Are you ready to take on larger construction projects, but don’t know exactly how or where to start? This article will prepare you to take on bigger projects, make bigger profits, and help you know where to find them.
Expand your team
All great projects start with a great team. You have to have both an internal and external team to take on larger construction projects.
Your internal team consists of your project manager and field personnel. Make sure both have the skills or experience in projects of all kinds of sizes and scales. You may need to hire additional fieldworkers to take on the amount of work you’ll be performing. It’s best to hire them before you need them and get them trained and ready to go.
Your external team includes subcontractors and suppliers. You’ll need strong team members here to ensure that you have the labor and materials you need to complete the project as scheduled and promised. Talk with your subs and suppliers before you start bidding on larger projects to make sure they are on board and can handle the added load.
Set up your finances
There are several financial considerations that go into taking on larger projects. They include ensuring you have the financing, insurance coverage, and bonds needed.
Larger projects mean larger invoices. You’ll have more expenses and more overhead on bigger jobs. Unfortunately, slower payments are also a regular occurrence on bigger jobs. Prepare ahead of time by requesting a deposit if you can or saving up additional money so you have a safety net. You can also look at temporary financing measures if things get financially tight.
Make sure you have the required insurance policies and limits to cover the project. Talk to your agent to ensure that you have the policies required by the contract, as well as the required limits. Not having enough insurance can put you in breach of contract and cost you more money in the long run.
Public works projects may require that you purchase performance and payment bonds to guarantee your work. You qualify for these bonds based on your work history and financial standing. Don’t wait until the end to find out your standing with bond companies. The more bonded work you do, the easier it is to get coverage.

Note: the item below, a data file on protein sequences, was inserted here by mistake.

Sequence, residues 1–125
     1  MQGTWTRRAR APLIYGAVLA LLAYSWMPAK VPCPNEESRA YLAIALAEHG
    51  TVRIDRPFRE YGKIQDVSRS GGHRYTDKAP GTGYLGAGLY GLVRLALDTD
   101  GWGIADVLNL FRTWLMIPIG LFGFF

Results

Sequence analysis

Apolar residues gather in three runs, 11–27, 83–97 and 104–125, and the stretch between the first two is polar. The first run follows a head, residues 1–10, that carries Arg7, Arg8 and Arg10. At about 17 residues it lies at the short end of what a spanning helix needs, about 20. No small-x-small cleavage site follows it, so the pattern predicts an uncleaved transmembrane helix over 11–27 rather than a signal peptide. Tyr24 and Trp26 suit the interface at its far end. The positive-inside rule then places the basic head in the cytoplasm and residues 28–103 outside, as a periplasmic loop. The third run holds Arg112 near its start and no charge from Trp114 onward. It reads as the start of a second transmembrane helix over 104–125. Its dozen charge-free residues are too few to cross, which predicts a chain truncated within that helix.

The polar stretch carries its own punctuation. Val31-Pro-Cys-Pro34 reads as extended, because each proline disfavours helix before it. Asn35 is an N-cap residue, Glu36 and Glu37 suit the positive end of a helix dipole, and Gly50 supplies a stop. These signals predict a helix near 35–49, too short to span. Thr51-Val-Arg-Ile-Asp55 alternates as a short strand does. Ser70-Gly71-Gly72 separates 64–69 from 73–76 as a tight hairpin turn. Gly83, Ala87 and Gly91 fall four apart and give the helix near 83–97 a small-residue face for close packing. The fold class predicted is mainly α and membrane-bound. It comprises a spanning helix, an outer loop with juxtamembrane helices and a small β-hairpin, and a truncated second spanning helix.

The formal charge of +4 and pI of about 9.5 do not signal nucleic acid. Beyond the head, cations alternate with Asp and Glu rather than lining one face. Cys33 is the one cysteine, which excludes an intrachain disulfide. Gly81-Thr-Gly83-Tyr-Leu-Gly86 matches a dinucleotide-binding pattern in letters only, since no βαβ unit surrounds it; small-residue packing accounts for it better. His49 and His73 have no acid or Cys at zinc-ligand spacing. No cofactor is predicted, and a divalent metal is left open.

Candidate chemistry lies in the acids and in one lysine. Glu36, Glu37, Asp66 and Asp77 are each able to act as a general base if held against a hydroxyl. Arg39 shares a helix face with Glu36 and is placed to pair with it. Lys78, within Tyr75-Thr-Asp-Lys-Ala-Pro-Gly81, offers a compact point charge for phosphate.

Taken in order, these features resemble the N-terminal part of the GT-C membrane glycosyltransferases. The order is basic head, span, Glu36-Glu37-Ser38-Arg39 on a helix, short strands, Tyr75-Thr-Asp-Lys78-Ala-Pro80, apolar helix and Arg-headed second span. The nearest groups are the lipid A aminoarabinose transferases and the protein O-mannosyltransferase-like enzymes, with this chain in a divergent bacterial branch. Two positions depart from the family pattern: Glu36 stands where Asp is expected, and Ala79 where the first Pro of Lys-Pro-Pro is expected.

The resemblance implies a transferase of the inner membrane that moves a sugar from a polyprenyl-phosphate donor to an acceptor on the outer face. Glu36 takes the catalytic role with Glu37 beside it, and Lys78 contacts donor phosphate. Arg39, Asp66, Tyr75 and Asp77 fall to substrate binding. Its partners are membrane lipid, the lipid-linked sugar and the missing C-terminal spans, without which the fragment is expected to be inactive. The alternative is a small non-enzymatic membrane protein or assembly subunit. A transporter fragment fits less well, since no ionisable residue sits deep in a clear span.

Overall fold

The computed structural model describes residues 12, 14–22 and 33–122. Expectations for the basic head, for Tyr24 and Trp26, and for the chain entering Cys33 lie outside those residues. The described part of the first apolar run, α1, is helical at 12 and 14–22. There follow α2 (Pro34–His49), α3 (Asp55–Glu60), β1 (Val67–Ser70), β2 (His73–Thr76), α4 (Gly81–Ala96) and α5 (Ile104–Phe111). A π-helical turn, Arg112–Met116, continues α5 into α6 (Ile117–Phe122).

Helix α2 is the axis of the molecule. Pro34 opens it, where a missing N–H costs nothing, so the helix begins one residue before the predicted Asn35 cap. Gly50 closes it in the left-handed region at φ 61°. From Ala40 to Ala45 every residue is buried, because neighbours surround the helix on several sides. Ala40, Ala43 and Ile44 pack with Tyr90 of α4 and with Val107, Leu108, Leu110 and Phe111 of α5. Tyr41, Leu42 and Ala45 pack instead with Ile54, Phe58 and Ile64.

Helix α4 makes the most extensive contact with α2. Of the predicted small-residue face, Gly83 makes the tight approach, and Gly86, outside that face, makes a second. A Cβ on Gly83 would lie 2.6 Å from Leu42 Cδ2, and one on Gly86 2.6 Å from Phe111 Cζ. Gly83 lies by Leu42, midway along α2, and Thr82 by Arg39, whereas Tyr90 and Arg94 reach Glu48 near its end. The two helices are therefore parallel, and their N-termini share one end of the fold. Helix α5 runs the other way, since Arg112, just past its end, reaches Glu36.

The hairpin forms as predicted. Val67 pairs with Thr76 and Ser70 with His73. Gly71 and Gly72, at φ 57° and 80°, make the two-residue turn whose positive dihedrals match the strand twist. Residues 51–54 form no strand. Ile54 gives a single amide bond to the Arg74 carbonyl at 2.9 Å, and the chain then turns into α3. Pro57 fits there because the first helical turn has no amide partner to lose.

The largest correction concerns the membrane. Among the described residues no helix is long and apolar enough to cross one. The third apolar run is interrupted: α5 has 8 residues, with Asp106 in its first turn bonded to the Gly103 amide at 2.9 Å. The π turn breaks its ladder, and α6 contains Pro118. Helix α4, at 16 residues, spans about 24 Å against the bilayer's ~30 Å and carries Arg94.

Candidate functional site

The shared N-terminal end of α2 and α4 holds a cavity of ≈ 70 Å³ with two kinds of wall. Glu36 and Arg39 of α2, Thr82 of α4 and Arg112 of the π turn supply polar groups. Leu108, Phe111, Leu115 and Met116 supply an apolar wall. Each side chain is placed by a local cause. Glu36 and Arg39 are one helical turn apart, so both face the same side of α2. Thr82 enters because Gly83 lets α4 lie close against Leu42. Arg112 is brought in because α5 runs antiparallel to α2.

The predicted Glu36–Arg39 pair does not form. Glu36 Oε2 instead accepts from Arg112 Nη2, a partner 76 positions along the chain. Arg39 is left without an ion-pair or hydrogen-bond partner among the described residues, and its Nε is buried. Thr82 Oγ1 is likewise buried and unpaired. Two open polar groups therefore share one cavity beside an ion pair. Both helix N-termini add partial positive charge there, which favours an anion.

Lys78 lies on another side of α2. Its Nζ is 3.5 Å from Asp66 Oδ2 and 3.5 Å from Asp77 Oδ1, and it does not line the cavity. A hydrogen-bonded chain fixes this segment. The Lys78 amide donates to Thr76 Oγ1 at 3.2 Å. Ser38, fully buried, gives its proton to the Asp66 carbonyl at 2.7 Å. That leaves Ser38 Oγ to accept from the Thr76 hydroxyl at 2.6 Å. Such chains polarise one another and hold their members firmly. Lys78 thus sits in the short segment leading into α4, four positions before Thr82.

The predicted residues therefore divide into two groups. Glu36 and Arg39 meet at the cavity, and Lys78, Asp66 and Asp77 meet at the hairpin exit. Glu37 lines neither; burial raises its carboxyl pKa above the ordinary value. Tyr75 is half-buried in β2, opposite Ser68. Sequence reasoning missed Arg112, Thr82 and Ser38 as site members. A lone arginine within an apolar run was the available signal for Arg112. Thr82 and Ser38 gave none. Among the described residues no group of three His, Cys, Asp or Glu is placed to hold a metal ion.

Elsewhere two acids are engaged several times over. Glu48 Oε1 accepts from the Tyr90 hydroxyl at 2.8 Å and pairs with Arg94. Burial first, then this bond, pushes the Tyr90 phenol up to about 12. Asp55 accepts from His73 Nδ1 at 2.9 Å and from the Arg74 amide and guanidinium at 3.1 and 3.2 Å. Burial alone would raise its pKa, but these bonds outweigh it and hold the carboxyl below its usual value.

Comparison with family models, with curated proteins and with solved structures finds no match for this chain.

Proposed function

Secure more equipment
Depending on the type of work that you are doing, you may need to invest in new equipment to meet the needs of larger projects. Assess your current fleet’s capacity and note any gaps or areas where you need additional help.
Purchasing new equipment is the way to go if you can afford it and know that the equipment will be used regularly. There’s nothing like buying a piece of equipment and watching it collect dust. If you can’t regularly use a piece of equipment, or you need a specialty product, look at renting or leasing.
Most companies rent or lease their equipment, especially the larger pieces. It’s economical and ensures that you have the equipment only when you need it. Otherwise, it can sit around collecting dust. Renting is best when you need equipment for the short-term, such as a few months or weeks. Local rentals jobs will deliver and haul away, taking care of the logistics for you.
Where to start looking
Once you are ready to take on larger projects, you have to know where to find them. Besides networking with contractors and project owners, you can search on bid websites, like PlanHub, for larger projects in your area. PlanHub not only allows you to see projects and their scopes, but it also allows you to gauge the competition with its Competitive Analysis tool. Knowing your competition before you go in can save you time and money bidding on projects. For a demonstration of PlanHub’s search and analysis features, contact us today.